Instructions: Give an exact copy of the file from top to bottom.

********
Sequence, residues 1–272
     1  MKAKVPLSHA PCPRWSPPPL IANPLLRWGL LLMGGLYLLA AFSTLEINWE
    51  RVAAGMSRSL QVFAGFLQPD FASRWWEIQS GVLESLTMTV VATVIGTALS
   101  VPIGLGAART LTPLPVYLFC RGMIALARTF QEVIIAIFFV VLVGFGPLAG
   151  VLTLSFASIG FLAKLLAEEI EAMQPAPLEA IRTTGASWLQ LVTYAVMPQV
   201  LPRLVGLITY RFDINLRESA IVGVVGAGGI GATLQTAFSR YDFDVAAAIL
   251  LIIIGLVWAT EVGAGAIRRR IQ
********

Sequence, residues 1–272
     1  MKAKVPLSHA PCPRWSPPPL IANPLLRWGL LLMGGLYLLA AFSTLEINWE
    51  RVAAGMSRSL QVFAGFLQPD FASRWWEIQS GVLESLTMTV VATVIGTALS
   101  VPIGLGAART LTPLPVYLFC RGMIALARTF QEVIIAIFFV VLVGFGPLAG
   151  VLTLSFASIG FLAKLLAEEI EAMQPAPLEA IRTTGASWLQ LVTYAVMPQV
   201  LPRLVGLITY RFDINLRESA IVGVVGAGGI GATLQTAFSR YDFDVAAAIL
   251  LIIIGLVWAT EVGAGAIRRR IQ